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European-American Topics - Editorial - France

A New Foreign Policy for France?

By Dr, Stan Lai, Spokesperon for the Formosan Association for Public Affairs Europe
Posted July 9, 2007

     French president Nicolas Sarkozy campaigned for a clear pledge to break with the policies of the past.  Those that voted for him hope that he can reform France's bureaucracy and kick start the stagnating French economy. But for democracy and human rights activists throughout the world, there is hope that Sarkozy can articulate a foreign policy that is vastly different from that of his predecessor, Jacques Chirac. 

    France has long prided itself in being a model democracy that is an example for other nations to follow.  But Chirac's foreign policy during his 12 year tenure has left this reputation in doubt.  Chirac's friendships with African dictators have been criticized heavily both by Sarkozy and socialist presidential candidate, Segolene Royal.  The bulk of France's foreign aid to Africa has ended up in the hands of corruptautocrats, rather than helping alleviate the poverty of ordinary African citizens. 

    Chirac's coddling of corrupt dictators was most apparent during the 2003 Franco-African summit, when he welcomed Robert Mugabe of Zimbabwe with open arms, despite an EU travel ban on Zimbabwean officials for atrocious human rights violations and rigged elections. 

    Human rights advocates were disappointed again in 2005, when Chirac pushed for an end to the EU arms embargo against China imposed in 1989 after the Tiananmen Square massacre.  Chirac's proposal evoked strong opposition from other EU states, the US, Japan, and human rights groups.  His stance was particularly perplexing as China had neither renounced the use of force against Taiwan, nor improved its human rights situation. 

    In addition, Chirac went out of his way to chastise democratic Taiwan for holding a referendum initiated by its elected government.  The referendum, which was seen as key to consolidating democracy on Taiwan, was labeled a "grave error" by Chirac during a state visit to Paris by Chinese President Hu Jintao in 2004.  Such willingness to align himself with these dubious dictatorships has damaged much of France's credibility.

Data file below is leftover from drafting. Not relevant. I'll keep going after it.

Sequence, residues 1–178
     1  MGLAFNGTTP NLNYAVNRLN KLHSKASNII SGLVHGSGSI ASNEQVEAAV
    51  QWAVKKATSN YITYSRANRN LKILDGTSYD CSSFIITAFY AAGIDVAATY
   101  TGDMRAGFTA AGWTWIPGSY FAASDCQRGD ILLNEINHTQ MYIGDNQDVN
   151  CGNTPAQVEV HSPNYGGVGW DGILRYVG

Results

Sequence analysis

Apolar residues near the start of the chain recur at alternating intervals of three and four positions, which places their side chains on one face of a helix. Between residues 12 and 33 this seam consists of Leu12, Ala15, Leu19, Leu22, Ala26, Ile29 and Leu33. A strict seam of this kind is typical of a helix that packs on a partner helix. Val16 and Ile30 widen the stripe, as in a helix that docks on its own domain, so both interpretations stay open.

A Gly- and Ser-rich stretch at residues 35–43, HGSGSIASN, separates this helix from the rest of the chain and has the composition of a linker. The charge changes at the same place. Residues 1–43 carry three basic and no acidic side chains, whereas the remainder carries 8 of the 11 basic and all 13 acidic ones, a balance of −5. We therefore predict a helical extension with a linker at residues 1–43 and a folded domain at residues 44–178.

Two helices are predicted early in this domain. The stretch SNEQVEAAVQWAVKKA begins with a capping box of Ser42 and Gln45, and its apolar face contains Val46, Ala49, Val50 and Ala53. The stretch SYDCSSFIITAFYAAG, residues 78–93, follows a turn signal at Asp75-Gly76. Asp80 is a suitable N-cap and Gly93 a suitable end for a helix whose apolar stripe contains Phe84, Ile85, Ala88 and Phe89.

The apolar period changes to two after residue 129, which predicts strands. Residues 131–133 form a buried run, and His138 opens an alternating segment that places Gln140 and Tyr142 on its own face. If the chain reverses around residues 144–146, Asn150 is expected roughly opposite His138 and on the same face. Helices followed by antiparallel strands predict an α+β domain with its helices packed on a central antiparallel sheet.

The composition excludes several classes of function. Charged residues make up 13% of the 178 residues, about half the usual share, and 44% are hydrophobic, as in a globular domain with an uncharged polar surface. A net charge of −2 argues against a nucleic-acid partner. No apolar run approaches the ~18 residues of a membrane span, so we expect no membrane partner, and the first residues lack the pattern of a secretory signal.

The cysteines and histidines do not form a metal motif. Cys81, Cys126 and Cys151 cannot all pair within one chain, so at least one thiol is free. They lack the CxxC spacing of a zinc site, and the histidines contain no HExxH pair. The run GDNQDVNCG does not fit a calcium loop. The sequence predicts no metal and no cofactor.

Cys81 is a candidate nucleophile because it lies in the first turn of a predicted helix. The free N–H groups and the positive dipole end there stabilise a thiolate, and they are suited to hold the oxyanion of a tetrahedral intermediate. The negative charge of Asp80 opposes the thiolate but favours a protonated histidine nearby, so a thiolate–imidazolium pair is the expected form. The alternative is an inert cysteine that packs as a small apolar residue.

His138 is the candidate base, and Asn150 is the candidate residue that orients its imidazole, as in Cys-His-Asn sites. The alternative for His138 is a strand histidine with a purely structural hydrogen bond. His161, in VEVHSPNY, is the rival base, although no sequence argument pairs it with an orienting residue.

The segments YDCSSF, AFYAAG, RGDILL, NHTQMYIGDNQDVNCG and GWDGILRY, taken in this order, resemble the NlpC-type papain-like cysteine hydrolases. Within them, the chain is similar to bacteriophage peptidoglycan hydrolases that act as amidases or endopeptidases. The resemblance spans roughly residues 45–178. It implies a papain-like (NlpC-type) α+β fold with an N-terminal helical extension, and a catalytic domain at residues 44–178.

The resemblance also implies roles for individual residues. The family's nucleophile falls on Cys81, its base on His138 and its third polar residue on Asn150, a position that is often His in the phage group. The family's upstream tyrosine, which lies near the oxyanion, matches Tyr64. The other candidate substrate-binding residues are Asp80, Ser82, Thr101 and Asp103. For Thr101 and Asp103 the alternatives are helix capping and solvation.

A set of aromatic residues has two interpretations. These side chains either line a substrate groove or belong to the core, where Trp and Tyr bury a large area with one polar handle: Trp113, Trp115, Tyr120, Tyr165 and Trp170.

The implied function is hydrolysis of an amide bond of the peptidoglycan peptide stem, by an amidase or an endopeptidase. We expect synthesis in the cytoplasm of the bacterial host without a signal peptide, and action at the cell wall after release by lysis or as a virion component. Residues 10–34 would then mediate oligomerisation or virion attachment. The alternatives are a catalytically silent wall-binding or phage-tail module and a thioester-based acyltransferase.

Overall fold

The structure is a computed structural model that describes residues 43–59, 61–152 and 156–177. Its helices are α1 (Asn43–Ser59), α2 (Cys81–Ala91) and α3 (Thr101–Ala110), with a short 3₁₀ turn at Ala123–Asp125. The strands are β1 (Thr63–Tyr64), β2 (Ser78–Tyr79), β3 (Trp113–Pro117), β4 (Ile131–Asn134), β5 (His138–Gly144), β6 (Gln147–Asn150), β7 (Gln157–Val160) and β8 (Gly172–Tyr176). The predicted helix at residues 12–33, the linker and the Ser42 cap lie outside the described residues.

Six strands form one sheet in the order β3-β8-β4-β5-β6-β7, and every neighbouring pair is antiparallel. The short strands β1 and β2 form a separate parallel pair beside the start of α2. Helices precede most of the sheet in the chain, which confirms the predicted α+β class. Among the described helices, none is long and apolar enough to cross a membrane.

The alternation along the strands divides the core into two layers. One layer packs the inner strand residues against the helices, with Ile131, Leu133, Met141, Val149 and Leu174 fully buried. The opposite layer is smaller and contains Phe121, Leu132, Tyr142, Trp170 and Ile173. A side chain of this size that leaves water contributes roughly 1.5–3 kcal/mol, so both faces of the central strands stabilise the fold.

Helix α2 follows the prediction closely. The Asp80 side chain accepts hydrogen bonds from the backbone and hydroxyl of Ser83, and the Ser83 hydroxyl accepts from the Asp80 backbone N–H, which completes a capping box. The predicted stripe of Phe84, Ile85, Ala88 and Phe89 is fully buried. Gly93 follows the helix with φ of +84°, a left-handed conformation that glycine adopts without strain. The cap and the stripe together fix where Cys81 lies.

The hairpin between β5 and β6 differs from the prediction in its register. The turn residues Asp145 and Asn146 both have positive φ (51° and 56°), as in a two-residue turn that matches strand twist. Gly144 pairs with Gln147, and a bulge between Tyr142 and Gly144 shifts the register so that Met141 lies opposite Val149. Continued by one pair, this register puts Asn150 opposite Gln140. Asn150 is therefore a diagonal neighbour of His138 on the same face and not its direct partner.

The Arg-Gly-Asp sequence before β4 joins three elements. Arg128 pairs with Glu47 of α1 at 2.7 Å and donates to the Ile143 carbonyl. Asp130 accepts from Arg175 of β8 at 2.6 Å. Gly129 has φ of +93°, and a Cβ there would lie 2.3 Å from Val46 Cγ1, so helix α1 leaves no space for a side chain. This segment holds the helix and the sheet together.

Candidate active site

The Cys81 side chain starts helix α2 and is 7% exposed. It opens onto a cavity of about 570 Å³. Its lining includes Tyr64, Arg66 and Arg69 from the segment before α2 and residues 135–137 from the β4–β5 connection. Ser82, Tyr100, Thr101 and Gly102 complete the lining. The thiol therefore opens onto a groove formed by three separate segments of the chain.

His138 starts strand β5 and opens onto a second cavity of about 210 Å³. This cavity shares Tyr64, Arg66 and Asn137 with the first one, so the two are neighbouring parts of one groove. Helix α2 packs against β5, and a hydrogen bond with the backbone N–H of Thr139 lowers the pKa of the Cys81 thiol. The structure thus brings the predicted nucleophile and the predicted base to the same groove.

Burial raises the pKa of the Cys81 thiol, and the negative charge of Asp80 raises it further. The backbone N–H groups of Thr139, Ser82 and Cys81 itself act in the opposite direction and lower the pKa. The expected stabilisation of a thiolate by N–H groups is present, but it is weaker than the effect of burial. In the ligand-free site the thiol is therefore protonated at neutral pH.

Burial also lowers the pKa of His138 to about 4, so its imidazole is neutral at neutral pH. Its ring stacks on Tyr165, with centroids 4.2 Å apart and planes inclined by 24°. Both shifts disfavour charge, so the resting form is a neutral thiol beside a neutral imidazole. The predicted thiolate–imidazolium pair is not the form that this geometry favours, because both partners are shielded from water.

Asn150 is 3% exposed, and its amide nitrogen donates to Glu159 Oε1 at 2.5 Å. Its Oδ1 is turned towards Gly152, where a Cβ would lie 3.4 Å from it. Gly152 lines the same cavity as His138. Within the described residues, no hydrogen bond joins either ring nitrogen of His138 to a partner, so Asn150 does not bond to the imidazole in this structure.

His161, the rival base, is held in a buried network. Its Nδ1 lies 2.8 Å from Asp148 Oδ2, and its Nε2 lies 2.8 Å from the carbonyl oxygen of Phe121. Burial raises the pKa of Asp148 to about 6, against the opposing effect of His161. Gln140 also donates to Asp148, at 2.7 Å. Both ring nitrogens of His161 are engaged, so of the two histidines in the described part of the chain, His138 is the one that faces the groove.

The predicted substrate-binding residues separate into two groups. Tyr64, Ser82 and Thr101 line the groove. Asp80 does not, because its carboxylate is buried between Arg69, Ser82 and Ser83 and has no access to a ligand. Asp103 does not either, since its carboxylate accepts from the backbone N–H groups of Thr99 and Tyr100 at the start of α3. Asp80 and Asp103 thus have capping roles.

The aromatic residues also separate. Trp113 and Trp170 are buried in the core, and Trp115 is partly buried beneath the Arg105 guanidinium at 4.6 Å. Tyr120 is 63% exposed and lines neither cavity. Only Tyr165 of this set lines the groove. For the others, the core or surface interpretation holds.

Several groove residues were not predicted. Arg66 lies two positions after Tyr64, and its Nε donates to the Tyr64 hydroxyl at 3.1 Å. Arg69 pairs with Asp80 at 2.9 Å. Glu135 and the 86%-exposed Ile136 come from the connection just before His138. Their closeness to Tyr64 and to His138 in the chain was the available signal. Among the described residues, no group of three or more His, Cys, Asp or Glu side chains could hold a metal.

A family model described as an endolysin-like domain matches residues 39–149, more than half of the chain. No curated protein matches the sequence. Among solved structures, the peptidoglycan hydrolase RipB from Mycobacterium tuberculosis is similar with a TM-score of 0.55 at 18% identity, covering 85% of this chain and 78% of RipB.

Sarkozy, however, has an excellent opportunity to transform France's foreign policy. France is supportive of democratic development on the international stage, positioning itself as a steadfast advocate for the liberty and human rights of all peoples.  He can start by redirecting foreign aid to African nations that do not suffer from rampant corruption and whose governments are elected by democratic mechanisms.  He can also push concrete measures at the UN to help end the genocide in the Darfur region. 

    Sarkozy can also use France's influence to press China to renounce the use of force against Taiwan, to respect Tibetan autonomy, and to stop the ruthless persecution of political dissidents.  He should push the EU to support Taiwan's inclusion to the World Health Organization, so that the island's 23 million citizens are involved in the international fight against epidemic spread and disease prevention. 

    In his acceptance speech, Sarkozy declared, "I want to launch an appeal to all those in the world who believe in the values of tolerance, freedom, democracy, humanism.  To all those who are persecuted by tyranny and dictatorship, I want to say that the pride and the duty of France will be to be on their side."  Such words are welcome in a world in need of strong human rights leadership.  The entire world will be watching to see whether Sarkozy remains true to his promise.


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